Immigrant parents aren’t keen on bilingual ed


My German professor in college never spoke English until her parents put her in 1st grade in the USA. She learned by immersion. She also had a PhD in English. She was completely against bi-lingual education. She said you don’t learn either language well that way, and it effects you for life. Immersion is the only way to go. 

Los Angeles Unified is tripling the number of dual-immersion bilingual programs, but there’s a catch, reports Kyle Stokes for KPCC. Worried that their children won’t learn English, most immigrant parents are rejecting bilingual education. Only six percent of the district’s 150,000 English Learners have enrolled in a dual-language program.

In dual language programs, students spend at least half – if not most – of their day learning in a languages ranging from Spanish, Mandarin or even Armenian. Each dual language classroom features a mix of native English speakers with students who speak the “target language” proficiently.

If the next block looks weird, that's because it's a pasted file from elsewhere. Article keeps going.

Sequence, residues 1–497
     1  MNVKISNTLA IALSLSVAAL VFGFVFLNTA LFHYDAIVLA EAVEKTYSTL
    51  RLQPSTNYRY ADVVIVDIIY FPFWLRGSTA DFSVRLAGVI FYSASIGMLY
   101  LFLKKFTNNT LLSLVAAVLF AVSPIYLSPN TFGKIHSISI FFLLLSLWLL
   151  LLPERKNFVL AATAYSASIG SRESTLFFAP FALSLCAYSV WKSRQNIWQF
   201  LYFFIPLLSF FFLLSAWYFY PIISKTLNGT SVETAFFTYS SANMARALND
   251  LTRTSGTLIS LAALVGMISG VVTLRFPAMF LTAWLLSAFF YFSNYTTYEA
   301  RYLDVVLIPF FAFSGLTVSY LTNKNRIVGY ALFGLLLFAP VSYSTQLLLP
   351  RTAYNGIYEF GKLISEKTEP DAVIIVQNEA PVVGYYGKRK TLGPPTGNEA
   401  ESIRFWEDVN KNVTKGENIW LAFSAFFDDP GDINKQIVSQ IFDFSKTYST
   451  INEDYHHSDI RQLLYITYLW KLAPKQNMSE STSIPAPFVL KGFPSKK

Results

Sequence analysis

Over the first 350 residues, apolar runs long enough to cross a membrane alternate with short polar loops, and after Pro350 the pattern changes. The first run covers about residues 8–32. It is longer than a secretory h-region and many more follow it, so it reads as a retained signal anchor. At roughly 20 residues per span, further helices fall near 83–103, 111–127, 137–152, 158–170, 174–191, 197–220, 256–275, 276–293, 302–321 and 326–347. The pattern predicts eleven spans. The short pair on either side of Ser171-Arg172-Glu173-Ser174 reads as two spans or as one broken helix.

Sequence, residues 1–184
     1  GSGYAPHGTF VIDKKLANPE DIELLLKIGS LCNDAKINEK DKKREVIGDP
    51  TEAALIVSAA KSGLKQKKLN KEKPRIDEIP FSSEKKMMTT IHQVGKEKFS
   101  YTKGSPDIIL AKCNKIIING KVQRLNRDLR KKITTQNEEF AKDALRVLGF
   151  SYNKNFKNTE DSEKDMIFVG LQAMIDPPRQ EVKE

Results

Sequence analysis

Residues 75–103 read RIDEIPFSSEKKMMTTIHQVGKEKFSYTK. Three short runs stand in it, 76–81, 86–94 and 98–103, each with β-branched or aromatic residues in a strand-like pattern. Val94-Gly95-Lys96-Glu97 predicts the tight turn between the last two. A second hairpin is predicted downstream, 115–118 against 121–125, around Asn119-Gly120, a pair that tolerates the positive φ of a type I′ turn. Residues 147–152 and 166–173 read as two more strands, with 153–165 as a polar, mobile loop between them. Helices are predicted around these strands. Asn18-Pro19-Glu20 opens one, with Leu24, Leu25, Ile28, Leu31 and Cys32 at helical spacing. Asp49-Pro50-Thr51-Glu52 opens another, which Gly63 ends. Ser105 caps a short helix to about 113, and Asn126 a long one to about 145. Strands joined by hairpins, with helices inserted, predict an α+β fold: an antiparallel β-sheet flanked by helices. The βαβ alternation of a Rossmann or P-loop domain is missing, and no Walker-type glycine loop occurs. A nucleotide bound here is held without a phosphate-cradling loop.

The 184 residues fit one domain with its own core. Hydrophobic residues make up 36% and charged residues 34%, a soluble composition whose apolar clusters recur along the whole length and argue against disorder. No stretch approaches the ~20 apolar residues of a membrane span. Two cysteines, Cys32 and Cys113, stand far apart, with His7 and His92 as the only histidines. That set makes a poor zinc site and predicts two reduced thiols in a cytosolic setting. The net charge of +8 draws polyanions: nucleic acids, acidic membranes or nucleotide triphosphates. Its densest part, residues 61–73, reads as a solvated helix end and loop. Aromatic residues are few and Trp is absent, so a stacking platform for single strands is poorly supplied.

The expansion is driven by research suggesting there could be a huge upside for English learners: dual language instruction has the potential to help this needy population deepen their native language abilities while — all at the same time — becoming proficient in English and growing other academic skills.

Last year, California voters passed Proposition 58, which repealed limits on bilingual education. “As many as 137 dual language programs will be up and running district-wide next year, up from 42 six years ago,” reports Stokes.

Dual-immersion students learn English, said Hilda Maldonado, who runs L.A. Unified’s Multilingual and Multicultural Education Division. In addition, “you’re going to learn your content areas in a language that you understand, so you don’t fall behind.”